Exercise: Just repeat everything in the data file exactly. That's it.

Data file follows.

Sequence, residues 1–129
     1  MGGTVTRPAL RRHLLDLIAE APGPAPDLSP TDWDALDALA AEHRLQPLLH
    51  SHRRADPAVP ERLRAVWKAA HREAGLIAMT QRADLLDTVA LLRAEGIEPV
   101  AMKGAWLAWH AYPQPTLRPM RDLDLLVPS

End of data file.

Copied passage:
Sequence, residues 1–129
     1  MGGTVTRPAL RRHLLDLIAE APGPAPDLSP TDWDALDALA AEHRLQPLLH
    51  SHRRADPAVP ERLRAVWKAA HREAGLIAMT QRADLLDTVA LLRAEGIEPV
   101  AMKGAWLAWH AYPQPTLRPM RDLDLLVPS